<< Home

action civics

Calling for more self-government

In his Time Ideas column this week, former Clinton speechwriter Eric Liu calls for citizens to take a more active  role in their self-governance. Liu argues that citizens must step up given our dire financial situation, and quotes former presidential candidate Newt Gingrich approvingly: “if we shrink government then we have to grow citizens.”


Drafting our kids?

In yesterday’s New York Times, Thomas Ricks, a fellow at the Center for a New American Security, echoed a call recently made by General Stanley McChrystal, the former commander of international forces in Afghanistan, to bring back the draft.


Fault lines in our democracy

William E. White writes in the Huffington Post that “Americans have forgotten the reason why we educate children in America. As a result our children, schools, communities, and the nation are suffering. […] We have forgotten that there is only one purpose for an education system in a republic: to educate citizens.”


Closing the Civic Empowerment Gap

Writing for the Harvard University Press blog, Jessica Gerhardstein Gingold, a former youth council director with Chicago’s Mikva Challenge and an incoming Harvard Graduate School of Education student, uses Meira Levinson’s new book, No Citizen Left Behind, to recount her experiences with action civics.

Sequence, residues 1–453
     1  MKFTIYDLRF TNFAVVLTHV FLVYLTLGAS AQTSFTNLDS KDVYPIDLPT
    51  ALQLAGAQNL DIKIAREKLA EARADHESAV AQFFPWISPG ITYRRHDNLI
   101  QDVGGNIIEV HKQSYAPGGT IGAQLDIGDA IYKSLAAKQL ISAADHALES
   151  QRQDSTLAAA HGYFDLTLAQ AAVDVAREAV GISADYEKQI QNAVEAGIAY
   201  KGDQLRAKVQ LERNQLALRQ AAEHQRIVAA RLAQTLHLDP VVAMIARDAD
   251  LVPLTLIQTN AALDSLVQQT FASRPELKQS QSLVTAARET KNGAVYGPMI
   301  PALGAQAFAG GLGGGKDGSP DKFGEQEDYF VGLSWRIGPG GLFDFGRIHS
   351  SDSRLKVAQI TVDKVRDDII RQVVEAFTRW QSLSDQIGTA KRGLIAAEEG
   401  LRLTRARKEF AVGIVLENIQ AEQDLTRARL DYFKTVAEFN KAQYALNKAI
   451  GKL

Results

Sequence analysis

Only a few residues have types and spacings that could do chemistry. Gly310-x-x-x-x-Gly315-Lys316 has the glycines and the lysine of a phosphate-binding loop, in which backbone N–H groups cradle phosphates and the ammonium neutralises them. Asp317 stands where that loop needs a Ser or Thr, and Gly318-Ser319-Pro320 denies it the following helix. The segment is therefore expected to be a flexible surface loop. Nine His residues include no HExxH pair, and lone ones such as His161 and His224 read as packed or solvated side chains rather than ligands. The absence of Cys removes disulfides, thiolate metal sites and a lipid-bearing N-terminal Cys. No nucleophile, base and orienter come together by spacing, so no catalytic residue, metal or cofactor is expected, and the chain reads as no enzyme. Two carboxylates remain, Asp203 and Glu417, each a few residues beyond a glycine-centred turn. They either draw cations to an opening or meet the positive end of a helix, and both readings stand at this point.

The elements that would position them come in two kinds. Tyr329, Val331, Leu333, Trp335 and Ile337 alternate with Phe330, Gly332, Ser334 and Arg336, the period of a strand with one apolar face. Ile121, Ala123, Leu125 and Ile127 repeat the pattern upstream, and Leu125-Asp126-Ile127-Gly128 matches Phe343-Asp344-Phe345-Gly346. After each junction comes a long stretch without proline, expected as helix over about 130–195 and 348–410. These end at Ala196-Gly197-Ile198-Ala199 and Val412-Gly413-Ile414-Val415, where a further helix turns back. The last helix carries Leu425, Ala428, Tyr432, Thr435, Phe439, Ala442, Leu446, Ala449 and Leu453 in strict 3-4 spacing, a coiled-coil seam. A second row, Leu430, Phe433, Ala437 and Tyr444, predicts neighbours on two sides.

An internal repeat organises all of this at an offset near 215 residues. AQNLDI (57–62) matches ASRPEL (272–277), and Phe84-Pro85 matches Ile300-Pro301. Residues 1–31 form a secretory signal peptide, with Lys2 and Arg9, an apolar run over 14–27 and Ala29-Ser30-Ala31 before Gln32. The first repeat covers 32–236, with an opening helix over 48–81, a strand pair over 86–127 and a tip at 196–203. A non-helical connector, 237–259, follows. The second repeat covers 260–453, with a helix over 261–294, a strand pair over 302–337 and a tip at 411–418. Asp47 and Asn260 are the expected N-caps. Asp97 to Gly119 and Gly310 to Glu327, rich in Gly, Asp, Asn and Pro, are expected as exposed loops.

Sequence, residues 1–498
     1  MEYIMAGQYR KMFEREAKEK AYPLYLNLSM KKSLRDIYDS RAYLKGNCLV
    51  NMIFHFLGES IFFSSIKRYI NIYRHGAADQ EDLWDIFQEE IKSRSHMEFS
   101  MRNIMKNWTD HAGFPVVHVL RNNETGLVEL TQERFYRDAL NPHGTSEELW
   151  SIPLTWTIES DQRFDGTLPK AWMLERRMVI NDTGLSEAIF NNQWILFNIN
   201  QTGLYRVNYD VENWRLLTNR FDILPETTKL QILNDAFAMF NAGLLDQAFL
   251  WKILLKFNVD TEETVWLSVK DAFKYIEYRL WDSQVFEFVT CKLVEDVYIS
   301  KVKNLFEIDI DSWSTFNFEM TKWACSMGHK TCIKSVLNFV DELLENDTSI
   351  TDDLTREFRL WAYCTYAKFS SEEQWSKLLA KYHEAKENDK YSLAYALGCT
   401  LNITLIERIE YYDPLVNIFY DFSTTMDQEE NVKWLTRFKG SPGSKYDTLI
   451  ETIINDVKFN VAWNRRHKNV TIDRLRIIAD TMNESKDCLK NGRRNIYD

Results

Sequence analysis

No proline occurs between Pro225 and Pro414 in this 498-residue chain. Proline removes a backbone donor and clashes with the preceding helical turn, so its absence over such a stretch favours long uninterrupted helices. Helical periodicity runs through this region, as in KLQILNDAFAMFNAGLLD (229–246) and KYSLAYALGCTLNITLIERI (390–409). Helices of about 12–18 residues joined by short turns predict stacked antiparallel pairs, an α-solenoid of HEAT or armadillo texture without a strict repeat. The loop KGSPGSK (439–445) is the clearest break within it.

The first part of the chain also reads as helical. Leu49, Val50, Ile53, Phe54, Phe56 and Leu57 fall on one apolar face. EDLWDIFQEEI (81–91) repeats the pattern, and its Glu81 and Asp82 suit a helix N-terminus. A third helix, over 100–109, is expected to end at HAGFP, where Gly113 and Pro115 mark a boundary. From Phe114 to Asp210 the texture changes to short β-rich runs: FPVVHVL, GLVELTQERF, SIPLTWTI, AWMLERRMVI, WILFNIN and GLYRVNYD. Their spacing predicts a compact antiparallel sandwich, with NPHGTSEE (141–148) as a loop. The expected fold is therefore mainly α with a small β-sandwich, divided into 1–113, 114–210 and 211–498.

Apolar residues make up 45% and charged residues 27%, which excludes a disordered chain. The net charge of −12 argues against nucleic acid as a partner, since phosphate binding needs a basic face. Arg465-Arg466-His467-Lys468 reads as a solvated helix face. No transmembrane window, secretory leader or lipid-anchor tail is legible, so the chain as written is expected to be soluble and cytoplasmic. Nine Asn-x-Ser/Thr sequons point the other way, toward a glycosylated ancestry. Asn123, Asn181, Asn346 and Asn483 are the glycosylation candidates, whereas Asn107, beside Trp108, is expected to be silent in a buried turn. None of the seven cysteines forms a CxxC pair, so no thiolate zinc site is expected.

Learning by doing

In this morning’s edition of the Hoover Institution’s Defining Ideas, Russell Muirhead argues that one reason that civic knowledge is so poor is because Americans are not being called upon to act as citizens–and therefore they have no reason to gain and use the knowledge required to be an active citizen.


Action Civics: Round II

On Tuesday, we highlighted some differing responses to the Education Department’s new report, “Advancing Civic Learning and Engagement in Democracy.” Much of the debate centers around how much schools (and the federal government) should focus on traditional classroom civics education (emphasizing knowledge about government and American democracy, e.g.) versus a newer model of “action civics,” which focuses on civic participation and service learning.

Yesterday, Teaching America editor David Feith entered the fray.


Action civics, civic education, and charter schools

“Unlike traditional civic education, civic learning and democratic engagement 2.0 is more ambitious and participatory than in the past. To paraphrase Justice O’Connor, the new generation of civic education initiatives move beyond your ‘grandmother’s civics’ to what has been labeled ‘action civics.'”
Secretary of Education Arne Duncan, January 10, 2012

In last week’s EducationNext, Chester E. Finn, Jr. raises some concerns about “action civics” and the politicization of schools that promote it.